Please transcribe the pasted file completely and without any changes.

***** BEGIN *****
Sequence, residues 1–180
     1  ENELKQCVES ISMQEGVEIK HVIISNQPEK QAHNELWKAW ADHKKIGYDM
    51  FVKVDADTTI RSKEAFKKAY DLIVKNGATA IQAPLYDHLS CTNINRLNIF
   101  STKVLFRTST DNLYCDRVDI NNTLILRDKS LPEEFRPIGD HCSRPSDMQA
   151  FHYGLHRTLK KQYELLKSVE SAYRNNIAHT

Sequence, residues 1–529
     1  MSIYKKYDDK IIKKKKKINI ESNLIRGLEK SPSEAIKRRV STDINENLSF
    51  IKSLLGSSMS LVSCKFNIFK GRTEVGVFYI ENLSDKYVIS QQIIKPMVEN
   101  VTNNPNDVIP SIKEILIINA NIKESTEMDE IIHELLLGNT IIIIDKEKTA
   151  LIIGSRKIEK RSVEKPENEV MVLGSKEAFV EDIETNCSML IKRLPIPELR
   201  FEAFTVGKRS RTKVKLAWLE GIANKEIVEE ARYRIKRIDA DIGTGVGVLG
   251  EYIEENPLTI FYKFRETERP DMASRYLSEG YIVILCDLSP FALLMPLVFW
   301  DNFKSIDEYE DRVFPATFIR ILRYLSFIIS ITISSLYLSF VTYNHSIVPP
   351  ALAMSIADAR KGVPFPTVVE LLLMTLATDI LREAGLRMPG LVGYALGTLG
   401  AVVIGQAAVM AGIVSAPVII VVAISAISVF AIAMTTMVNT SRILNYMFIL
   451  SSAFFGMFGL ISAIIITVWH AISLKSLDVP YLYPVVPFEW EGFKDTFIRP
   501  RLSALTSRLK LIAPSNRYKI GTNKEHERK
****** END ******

Sequence, residues 1–180
     1  ENELKQCVES ISMQEGVEIK HVIISNQPEK QAHNELWKAW ADHKKIGYDM
    51  FVKVDADTTI RSKEAFKKAY DLIVKNGATA IQAPLYDHLS CTNINRLNIF
   101  STKVLFRTST DNLYCDRVDI NNTLILRDKS LPEEFRPIGD HCSRPSDMQA
   151  FHYGLHRTLK KQYELLKSVE SAYRNNIAHT

Sequence, residues 1–529
     1  MSIYKKYDDK IIKKKKKINI ESNLIRGLEK SPSEAIKRRV STDINENLSF
    51  IKSLLGSSMS LVSCKFNIFK GRTEVGVFYI ENLSDKYVIS QQIIKPMVEN
   101  VTNNPNDVIP SIKEILIINA NIKESTEMDE IIHELLLGNT IIIIDKEKTA
   151  LIIGSRKIEK RSVEKPENEV MVLGSKEAFV EDIETNCSML IKRLPIPELR
   201  FEAFTVGKRS RTKVKLAWLE GIANKEIVEE ARYRIKRIDA DIGTGVGVLG
   251  EYIEENPLTI FYKFRETERP DMASRYLSEG YIVILCDLSP FALLMPLVFW
   301  DNFKSIDEYE DRVFPATFIR ILRYLSFIIS ITISSLYLSF VTYNHSIVPP
   351  ALAMSIADAR KGVPFPTVVE LLLMTLATDI LREAGLRMPG LVGYALGTLG
   401  AVVIGQAAVM AGIVSAPVII VVAISAISVF AIAMTTMVNT SRILNYMFIL
   451  SSAFFGMFGL ISAIIITVWH AISLKSLDVP YLYPVVPFEW EGFKDTFIRP
   501  RLSALTSRLK LIAPSNRYKI GTNKEHERK